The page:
By James Nestel
There’s a lot to be said for pride in a job well done. Countless visionaries and leaders, from John C. Maxwell to Steve Jobs to Benjamin Franklin, have pontificated on the satisfaction of doing a job and doing it well. But as others have noted, there’s a distinct difference between just doing a job and that little extra that means doing it “well.”
Understanding what you’re doing and the “why” is a part of doing a job “well” that comes from education, training, and experience. From my nearly 20-year tenure in medical device servicing, I’ve come to appreciate the complexity of these machines. Even simple-sounding services, like moving a machine or replacing a part, have the potential to fundamentally change the performance of a device if done incorrectly. To perform service correctly, it’s essential to understand where those risks lie and where the line is.
Defining Medical Device ‘Remanufacturing’
That’s why efforts from Congress to clarify the definition of “remanufacturing” should be welcomed by all medical device service technicians who take pride in their work. Recently introduced legislation, the “Clarifying Remanufacturing to Protect Patient Safety Act of 2022” (H.R. 7253), does precisely as its name implies. The bill would bring greater clarity to the U.S. FDA’s currently vague definition of “remanufacturing”, ensure necessary oversight of remanufactured medical devices and, best of all, provide public education and transparency to raise awareness of remanufacturers’ regulatory responsibilities.
While much has been made of the third-party servicer vs. original equipment manufacturer (OEM) debate in this space, the truth is both groups are an essential part of the ecosystem responsible for maintaining critical medical devices. Regardless of who is working on a medical device, the ecosystem doesn’t work if the job isn’t done right. This legislation will enable everyone to do the right thing, by clarifying the line between lower-risk unregulated activities and higher-risk regulated activities.
Let me repeat: This isn’t about stacking the deck by creating unduly burdensome regulations, changing how medical devices are maintained, or preventing anyone from keeping a critical device up and running. Instead, this legislation helps pave a path to where anyone working on these sensitive devices clearly understands when simple servicing crosses over into more involved, and justly more closely regulated, remanufacturing that can risk changing how a device fundamentally functions.
And let’s be frank, clarity is needed so all engaged in medical device remanufacturing understand what “remanufacturing” is and what it is not. That’s because all entities remanufacturing medical devices, under current law, are required to register with the FDA, engage in reporting, and implement quality and safety processes. However, a 2018 report from the FDA discovered that this isn’t always happening. And, as recently as March, FDA acknowledged to the Energy & Commerce Health Subcommittee that “clarity about what constitutes and what doesn’t constitute remanufacturing is critically important,” and the agency was open to working with Congress to better define the term.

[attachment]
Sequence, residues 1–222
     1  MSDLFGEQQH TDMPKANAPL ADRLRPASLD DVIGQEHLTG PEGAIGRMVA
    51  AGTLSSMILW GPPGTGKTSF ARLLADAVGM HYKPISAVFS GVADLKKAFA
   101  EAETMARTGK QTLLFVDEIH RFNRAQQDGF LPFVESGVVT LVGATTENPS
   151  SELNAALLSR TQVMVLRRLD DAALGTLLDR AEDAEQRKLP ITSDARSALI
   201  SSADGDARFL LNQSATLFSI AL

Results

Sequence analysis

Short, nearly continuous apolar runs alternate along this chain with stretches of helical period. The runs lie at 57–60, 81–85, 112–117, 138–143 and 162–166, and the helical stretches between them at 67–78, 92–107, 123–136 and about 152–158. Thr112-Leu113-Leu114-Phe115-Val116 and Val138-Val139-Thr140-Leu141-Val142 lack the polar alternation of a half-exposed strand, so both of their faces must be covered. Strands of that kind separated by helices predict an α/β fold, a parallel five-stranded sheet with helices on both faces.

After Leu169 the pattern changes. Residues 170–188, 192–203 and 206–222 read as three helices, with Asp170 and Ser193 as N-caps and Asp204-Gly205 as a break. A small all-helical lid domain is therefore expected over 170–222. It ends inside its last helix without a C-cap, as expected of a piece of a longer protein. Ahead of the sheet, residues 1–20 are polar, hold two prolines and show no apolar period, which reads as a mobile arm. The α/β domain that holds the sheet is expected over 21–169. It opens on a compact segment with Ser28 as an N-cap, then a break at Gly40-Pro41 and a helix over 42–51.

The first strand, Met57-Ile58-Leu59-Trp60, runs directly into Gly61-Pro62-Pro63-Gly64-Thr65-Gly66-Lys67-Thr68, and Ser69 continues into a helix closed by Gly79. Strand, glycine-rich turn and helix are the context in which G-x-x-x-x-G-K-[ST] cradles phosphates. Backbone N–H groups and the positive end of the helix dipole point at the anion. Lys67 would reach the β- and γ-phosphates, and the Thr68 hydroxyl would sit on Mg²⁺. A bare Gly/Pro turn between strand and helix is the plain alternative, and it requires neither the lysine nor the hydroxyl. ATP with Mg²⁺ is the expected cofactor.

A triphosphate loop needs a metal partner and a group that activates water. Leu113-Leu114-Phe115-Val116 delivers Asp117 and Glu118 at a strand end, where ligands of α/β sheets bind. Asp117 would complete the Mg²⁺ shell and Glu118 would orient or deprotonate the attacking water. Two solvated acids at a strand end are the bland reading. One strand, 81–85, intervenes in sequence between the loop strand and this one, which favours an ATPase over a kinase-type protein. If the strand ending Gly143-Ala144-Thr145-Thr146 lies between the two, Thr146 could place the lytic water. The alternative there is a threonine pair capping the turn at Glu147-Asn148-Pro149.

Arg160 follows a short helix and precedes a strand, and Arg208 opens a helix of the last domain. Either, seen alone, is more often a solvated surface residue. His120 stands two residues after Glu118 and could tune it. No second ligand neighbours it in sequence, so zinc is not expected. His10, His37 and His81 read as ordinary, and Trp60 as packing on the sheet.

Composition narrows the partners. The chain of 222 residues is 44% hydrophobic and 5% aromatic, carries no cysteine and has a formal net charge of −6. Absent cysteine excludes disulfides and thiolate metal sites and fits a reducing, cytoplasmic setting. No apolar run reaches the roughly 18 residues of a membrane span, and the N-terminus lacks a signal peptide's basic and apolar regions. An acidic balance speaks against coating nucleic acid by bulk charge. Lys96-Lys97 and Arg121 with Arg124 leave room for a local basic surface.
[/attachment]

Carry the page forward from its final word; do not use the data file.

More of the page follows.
In my experience working both inside and outside the OEM market, I have seen what I strongly believe to be unregulated remanufacturing that was claimed to be service under the vague definitions currently in place. While debate over a definition may seem inconsequential, it is, in fact, anything but trivial. This clarity is key to protecting the health and safety of patients and healthcare providers.
Ultimately, safety is what it’s all about, right? Anyone who’s interacted with a medical device as a patient can appreciate the importance of a device not only functioning but functioning safely and correctly. Inversely, these devices pose a real risk to patients and healthcare providers if not correctly maintained. In that same referenced 2018 FDA report, the agency noted that a “significant portion of the comments, complaints, and adverse event reports” it received related to servicing resulted from activities best described as remanufacturing.
The bottom line is that medical devices are complex pieces of life-saving equipment. Patient safety should never be compromised because the person providing the repair or service doesn’t know when remanufacturing occurs.
When the job is servicing medical devices, there’s the extra satisfaction of knowing your work has the potential to catch disease early, effectively monitor someone’s health, guide treatment plans, and ultimately save lives. In my opinion, Congress should pass H.R. 7253 to clarify the definition of remanufacturing and enjoy the satisfaction of a job well done.
Editor’s note: Do you agree with Nestel? Why or why not? Please share your reactions in the comments section.
James Nestel is CEO, Americas, Asia Pacific, of Simon Hegele Healthcare Solutions.
For Me, I did a lab analyzer refurb job for many years for a lab equipment company. I could completely strip a Coulter Model S down to its frame, repaint the black panels with Krylon, cut all new Tygon tubings for it, take apart and clean and lube the mechs, replace defective parts, replace all the corroded pins and wires in the wiring harness, then set it up re assembled on my bench load on reagents and debug and calibrate and QC it. It was still the same Coulter S it had always been as i never changed its configuration. did replacing corroded screws w new stainless screws make it better. no. did using better glue to anchor the aperture tubes in the plate materially change the unit? No. a 4.5 million red cell count and 15 Hemoglobin was the same before i did my job as after. For me, if the manufacturing industry is so concerned about patient safety, they should could and must service documentation on technologies as required by the us national healthcare facilities code.